23 September 2016
On the surface Munni is just like 10-year-old girls the world over – wanting to learn, play with friends, make new friends, have a safe and secure home and have dreams for the future. But Munni is not treated the same as other girls because she belongs to the Dalit community - considered the lowest people in society according to the caste system in Bangladesh. Find out how she's transformed her life with the help of ActionAid child sponsors.
Caste discrimination affects both Hindu and Muslim populations in Bangladesh, and makes it even harder for people from low castes to escape poverty.
Traditionally Dalits live together in communities known as colonies. They have very poor housing and work almost exclusively in the service sector, doing jobs in urban areas that are regarded as impure, such as street sweeping, manual scavenging and burying the dead.
Here in Bangladesh they mostly work as manual labourers cleaning the streets, latrines and sewers.
Munni's father, Monir, is a city cleaner and the family (Munni, her parents, and three sisters) live in a congested slum in Dhaka where everyone is a cleaner of some description.
They live in cramped conditions, and the narrow lanes between houses are the only places where Munni and her friends can play.
Before ActionAid started working here in 2012, Dalit children like Munni rarely went to school.
I hope someday all people in the Dalit community will enjoy life like everyone else.
Those who did weren’t even allowed to sit on the same bench as other children and teachers didn’t pay them any attention.
Giving kids new opportunities
In 2012, Munni started going to one of ActionAid’s child spaces - a safe place for kids to play and learn - that are supported by child sponsorship. She loved it and when she learned about her right to an education, despite being Dalit, she immediately expressed an interest in going to school.
As well as supporting child spaces, ActionAid organises events to raise public awareness that Dalit children have the right to an education too.
One of the biggest events in Munni’s life was meeting the Minister for Women and Children Affairs in October last year. As part of Child Rights Week, ActionAid and other organisations got together with a TV channel to highlight children’s rights to education, non-discrimination and security.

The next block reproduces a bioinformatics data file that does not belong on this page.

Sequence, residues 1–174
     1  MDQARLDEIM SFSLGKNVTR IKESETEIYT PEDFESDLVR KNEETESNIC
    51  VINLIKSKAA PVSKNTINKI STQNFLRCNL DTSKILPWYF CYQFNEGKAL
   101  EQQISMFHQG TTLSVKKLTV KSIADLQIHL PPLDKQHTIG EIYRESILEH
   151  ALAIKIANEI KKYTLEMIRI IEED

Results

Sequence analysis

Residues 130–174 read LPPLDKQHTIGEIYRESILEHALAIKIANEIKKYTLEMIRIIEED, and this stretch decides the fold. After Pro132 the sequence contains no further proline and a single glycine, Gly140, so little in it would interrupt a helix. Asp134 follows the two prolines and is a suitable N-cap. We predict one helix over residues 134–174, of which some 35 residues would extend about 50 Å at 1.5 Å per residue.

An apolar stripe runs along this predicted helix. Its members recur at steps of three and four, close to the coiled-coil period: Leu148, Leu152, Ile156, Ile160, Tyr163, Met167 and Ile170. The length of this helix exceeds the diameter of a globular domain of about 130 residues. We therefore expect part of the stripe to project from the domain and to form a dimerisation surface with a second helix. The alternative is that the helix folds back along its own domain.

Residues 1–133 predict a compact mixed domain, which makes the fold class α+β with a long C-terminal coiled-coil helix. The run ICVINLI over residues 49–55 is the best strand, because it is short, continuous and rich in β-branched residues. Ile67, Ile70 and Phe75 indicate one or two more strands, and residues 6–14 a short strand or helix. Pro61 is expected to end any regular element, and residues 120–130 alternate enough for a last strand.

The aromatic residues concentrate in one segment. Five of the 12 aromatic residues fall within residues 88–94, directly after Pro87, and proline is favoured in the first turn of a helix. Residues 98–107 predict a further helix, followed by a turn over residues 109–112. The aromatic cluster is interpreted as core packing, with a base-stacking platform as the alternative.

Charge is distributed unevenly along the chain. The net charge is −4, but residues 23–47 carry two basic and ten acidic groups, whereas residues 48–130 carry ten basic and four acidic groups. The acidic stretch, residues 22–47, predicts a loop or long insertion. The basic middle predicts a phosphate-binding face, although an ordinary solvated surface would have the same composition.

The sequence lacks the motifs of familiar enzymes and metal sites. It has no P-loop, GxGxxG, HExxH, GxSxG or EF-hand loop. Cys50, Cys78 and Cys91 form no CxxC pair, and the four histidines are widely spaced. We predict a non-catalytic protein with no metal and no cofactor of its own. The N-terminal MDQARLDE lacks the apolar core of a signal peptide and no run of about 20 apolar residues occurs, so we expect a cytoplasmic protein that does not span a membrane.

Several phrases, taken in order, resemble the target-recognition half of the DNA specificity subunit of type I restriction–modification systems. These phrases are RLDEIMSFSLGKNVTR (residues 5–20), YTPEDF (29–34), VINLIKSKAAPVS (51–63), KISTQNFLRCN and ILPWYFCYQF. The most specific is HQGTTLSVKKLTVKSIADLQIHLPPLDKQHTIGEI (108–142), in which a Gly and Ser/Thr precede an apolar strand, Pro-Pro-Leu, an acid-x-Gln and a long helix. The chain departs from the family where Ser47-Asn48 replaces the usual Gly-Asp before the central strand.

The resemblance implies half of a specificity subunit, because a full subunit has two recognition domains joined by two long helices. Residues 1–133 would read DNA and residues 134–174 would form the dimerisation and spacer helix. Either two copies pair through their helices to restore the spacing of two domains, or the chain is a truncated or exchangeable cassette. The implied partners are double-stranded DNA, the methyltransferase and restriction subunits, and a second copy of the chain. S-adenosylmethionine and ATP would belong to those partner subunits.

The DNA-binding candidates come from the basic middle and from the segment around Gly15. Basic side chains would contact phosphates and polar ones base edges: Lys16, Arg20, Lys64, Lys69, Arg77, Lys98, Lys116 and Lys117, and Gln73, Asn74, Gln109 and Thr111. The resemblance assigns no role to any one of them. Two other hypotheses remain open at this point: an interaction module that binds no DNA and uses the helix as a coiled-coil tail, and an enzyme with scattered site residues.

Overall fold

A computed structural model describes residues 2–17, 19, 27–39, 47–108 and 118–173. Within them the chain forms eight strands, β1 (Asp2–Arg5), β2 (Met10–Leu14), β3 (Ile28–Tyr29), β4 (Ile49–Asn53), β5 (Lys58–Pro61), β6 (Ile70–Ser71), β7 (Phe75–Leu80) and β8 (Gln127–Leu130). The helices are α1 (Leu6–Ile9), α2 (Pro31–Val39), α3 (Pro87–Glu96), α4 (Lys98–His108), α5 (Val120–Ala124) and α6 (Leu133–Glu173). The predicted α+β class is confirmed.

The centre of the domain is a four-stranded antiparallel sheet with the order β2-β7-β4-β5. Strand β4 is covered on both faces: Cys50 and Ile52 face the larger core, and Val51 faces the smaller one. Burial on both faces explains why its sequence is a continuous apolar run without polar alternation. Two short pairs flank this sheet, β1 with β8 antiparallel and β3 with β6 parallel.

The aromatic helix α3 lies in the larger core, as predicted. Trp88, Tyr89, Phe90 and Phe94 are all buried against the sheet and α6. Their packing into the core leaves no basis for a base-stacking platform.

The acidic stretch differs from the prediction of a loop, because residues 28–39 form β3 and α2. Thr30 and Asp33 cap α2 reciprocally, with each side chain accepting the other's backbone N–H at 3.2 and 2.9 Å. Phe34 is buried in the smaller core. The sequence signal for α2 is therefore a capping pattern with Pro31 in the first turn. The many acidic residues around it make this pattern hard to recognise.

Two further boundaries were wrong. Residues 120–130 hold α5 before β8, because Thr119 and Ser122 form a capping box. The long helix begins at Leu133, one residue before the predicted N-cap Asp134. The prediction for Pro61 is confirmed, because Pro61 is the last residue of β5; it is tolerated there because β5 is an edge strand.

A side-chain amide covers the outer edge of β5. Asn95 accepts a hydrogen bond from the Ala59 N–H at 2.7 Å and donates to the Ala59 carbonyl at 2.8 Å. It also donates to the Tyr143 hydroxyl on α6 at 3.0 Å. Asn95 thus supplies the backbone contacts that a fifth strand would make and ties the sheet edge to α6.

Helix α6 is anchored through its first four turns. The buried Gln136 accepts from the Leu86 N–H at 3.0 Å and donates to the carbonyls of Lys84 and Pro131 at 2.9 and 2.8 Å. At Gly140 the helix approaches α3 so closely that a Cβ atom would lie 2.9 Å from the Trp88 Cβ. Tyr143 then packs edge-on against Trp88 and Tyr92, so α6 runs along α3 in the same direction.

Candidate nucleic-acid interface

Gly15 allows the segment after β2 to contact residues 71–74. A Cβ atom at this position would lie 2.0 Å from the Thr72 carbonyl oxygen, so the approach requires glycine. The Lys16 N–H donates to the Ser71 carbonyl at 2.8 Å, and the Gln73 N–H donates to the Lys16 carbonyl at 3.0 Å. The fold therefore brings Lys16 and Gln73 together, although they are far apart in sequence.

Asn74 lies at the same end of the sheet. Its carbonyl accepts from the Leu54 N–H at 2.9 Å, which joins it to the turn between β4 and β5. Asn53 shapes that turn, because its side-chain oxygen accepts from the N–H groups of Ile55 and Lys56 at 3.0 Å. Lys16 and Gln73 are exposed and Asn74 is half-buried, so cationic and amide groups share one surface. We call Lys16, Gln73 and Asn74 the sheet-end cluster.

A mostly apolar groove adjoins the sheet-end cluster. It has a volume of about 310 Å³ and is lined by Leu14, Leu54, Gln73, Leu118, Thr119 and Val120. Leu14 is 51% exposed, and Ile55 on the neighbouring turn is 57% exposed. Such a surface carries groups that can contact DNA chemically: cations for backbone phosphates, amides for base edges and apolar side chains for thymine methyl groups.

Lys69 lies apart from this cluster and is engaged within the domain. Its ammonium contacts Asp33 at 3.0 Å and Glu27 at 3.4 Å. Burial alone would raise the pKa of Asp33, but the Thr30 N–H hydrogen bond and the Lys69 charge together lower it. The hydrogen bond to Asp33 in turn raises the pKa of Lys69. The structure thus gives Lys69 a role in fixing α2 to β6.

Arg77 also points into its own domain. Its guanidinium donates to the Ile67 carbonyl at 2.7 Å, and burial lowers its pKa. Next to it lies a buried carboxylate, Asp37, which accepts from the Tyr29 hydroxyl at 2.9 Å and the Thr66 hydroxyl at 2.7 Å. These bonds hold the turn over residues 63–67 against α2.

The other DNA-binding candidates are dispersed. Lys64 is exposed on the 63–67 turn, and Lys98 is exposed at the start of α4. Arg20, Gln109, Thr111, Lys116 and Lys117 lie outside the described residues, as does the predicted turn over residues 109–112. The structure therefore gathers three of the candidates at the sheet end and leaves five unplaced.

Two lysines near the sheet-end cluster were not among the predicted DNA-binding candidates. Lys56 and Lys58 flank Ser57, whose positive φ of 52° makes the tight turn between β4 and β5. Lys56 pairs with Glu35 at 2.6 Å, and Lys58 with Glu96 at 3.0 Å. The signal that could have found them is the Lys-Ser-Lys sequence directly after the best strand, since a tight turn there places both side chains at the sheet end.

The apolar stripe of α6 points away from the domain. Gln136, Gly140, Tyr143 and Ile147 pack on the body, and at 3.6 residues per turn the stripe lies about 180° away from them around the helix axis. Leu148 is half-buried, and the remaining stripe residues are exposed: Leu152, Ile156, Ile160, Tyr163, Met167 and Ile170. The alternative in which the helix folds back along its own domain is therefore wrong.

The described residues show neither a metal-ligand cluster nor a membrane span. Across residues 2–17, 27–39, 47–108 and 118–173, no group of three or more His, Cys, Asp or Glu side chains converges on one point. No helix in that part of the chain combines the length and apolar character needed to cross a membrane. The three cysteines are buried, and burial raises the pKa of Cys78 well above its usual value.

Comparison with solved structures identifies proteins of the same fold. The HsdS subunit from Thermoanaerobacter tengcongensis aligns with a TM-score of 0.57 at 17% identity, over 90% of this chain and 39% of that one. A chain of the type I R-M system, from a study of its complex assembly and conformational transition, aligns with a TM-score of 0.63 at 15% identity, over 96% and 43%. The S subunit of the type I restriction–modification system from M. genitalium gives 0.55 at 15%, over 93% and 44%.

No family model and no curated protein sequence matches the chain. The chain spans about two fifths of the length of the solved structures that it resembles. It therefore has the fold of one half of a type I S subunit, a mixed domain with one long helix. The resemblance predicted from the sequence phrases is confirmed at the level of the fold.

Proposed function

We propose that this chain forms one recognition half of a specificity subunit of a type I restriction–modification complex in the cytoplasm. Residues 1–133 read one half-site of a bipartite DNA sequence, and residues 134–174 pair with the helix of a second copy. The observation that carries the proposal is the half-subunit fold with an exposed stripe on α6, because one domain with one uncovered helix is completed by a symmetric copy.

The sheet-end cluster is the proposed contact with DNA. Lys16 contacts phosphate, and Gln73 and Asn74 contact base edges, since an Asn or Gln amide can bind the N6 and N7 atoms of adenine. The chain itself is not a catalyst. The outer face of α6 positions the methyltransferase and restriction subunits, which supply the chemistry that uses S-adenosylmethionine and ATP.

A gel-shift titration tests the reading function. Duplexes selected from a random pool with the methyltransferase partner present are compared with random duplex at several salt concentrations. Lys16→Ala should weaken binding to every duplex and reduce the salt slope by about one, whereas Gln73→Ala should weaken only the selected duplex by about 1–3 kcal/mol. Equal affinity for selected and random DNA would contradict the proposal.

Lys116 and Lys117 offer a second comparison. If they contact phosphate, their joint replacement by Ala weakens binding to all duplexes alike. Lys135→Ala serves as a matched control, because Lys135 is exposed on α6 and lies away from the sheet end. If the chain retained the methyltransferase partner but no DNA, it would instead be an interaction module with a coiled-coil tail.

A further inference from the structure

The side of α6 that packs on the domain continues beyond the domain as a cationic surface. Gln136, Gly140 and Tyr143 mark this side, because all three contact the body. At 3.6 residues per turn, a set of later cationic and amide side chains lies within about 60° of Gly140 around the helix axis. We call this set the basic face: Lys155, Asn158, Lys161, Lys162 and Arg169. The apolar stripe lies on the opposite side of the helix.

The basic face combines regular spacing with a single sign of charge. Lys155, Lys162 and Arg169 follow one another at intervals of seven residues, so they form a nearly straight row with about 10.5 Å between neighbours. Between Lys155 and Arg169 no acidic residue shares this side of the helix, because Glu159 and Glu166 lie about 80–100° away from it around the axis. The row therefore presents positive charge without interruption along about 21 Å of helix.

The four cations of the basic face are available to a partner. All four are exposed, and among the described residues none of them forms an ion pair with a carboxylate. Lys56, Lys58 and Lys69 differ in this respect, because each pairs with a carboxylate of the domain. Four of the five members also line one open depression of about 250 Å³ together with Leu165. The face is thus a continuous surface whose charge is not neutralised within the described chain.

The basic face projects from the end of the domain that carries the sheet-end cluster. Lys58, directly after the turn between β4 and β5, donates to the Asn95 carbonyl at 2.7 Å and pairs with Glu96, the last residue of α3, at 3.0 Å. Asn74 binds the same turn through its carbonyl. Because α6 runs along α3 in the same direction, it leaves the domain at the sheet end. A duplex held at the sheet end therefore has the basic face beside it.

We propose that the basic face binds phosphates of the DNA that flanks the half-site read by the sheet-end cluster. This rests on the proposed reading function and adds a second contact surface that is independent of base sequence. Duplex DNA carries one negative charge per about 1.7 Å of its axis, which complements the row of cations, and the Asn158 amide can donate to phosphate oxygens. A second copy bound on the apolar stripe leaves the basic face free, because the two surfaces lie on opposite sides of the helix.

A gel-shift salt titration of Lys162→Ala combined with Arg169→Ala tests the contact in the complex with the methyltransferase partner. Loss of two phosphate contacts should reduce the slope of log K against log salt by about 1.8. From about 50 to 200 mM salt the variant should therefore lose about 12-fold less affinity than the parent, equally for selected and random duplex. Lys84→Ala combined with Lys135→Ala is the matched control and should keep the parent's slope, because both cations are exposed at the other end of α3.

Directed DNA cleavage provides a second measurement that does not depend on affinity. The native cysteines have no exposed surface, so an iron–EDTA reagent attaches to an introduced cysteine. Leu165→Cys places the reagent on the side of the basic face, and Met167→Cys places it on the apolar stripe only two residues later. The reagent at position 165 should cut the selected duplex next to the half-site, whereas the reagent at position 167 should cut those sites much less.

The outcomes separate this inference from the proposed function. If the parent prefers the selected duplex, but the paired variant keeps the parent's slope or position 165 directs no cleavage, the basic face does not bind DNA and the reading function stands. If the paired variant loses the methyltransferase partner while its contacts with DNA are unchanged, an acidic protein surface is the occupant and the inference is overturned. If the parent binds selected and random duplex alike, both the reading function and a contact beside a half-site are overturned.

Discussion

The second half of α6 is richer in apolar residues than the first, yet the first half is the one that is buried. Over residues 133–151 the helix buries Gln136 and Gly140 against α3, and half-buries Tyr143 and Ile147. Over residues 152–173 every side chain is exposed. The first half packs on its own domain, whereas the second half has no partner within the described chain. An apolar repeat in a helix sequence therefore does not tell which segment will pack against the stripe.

Young people of all ages and socio-economic backgrounds took part and had the opportunity to ask the Minister and development activists a few questions.
“When I was selected to take part, I was surprised but happy,” explained Munni. “I’d seen the Minster on TV and never believed that one day I would stand in front of them and talk to them. It was very exciting.”
A champion of children's rights
Since her participation in that day, everyone in Munni’s community and school recognises her as a champion of children’s rights. Her teachers no longer ignore her or other Dailt children. Her education is going well.
She said, “Last year I came first in the end-of-year exam and was promoted to the next grade. I also have many friends at school from different communities. I share with them what it’s like to be a Dalit.”
Munni can now dream about her future. And in that future, she wants to be a teacher. With her newfound confidence and courage, we are hopeful that she will fulfil her dream.
Munni concluded: “I hope someday all people in the Dalit community will enjoy life like everyone else. Thank you ActionAid for always supporting us.”
It is incredible to see such a huge transformation as a result of the support Munni received at our child spaces, that helps not just Munni but hundreds of other Dalit children.
If you already sponsor a child – thank you. We'd love your help spreading the word about the difference child sponsorship makes - why not share this blog?
If you aren't yet a child sponsor but have been inspired by our work in Bangladesh then please consider sponsoring a child with ActionAid, and helping us support more children like Munni.